Hillary Clinton Is Raking In Fossil Fuel Money At An Alarming Rate

Read time: 4 mins

In speeches and press conferences, and occasionally in policy, the Democratic Party in the United States has always claimed the high ground on the issue of climate change and the need to move the country off oil, gas and coal towards renewable energy. As a result, the fossil fuel industry has heavily backed Republican politicians for decades.

But the 2016 U.S. Presidential election has once again proven unique by every measure. A new report by The Wall Street Journal shows that Democratic nominee and former Secretary of State Hillary Clinton is pulling in far more money from the fossil fuel industry than her Republican opponent Donald Trump.

The report shows that, through July, Hillary Clinton has received almost three times as much campaign cash from fossil fuel employees than Trump, to the tune of about $525,000 compared to Trump’s $149,000. Her joint account with the Democratic National Committee has also received an additional $650,000 from fossil fuel executives and employees.

Given Clinton’s history with the fossil fuel industry, these contributions are less than surprising. During her tenure as Secretary of State, Clinton’s staff was working with TransCanada to obtain approval of the controversial Keystone XL pipeline.

Clinton has also declared fracked natural gas a “bridge fuel” and she says that coal will play an important role in America’s energy future. The coal comments were made just a few months after she proposed a $30 billion investment to retrain coal workers to work in the renewable energy sector.

Her positions offer a clear picture as to why the dirty energy industry may favor her, but those positions are still far more dangerous to the industry than those of Donald Trump.

After all, unlike Clinton, Trump still claims that climate change is a hoax, and he has made it clear that drilling and fracking and coal extraction will be increased under a Trump administration.

So if her opponent is friendlier to the fossil fuel industry, why the sudden shift from GOP to Democrats in campaign spending?

The answer could have more to do with electability than with policy. The fossil fuel industry has fared exceptionally well under the Obama administration, and the policies are not likely to change under a Clinton administration, so the industry could possibly assume that Clinton’s higher poll numbers give them a better chance of having a friend in the White House.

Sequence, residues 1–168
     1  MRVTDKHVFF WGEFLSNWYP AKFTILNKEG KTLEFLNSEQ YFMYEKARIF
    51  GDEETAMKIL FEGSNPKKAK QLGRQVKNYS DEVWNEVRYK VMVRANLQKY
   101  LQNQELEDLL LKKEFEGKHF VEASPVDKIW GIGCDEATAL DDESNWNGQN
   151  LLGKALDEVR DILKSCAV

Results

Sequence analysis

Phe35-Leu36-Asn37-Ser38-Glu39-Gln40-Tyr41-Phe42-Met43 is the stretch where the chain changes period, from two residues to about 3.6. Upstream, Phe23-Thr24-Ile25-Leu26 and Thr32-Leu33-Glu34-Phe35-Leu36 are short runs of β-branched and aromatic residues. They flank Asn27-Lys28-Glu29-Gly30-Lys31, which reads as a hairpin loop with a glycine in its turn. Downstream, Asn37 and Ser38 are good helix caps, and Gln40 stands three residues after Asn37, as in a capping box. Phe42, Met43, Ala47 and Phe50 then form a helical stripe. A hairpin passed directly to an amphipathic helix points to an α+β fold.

Still, this move to the Democratic presidential nominee is unprecedented, as The Hill points out:

Since 1989, about 60 percent of the $500 million the industry spent on U.S. elections has gone to the GOP and its candidates, according to the CRP data provided to the Journal.

And so far in the 2016 cycle, oil and gas executives and employees have spent some 90 percent of their $71 million in campaign contributions on Republicans — those not named Trump — according to the Journal.

The interesting thing to note is that the Democratic Party is not favored over the Republican Party, in general — just with the Presidential candidates. House and Senate Republicans are still receiving the majority of oil and gas industry contributions.

As it stands right now, fossil fuel money is going to Republicans over Democrats by a rate of almost 9 to 1. And since we know that Clinton leads Trump, the rest of this money is going to down-ballot candidates.

So if the industry is certain of a Clinton victory — if that is the reason they are favoring her — then they must also feel certain that the Republican Party will retain control of both the House and Senate, since that’s where their money is going.

Studies have shown that individuals and companies that donate money to candidates are more likely to get private meetings with the politician once they get elected and that they are more likely to benefit from legislation sponsored by that politician.

If this trend holds, then America can expect a future dominated by further fossil fuel pollution of our democracy, health and the climate.

Image via WND.com.

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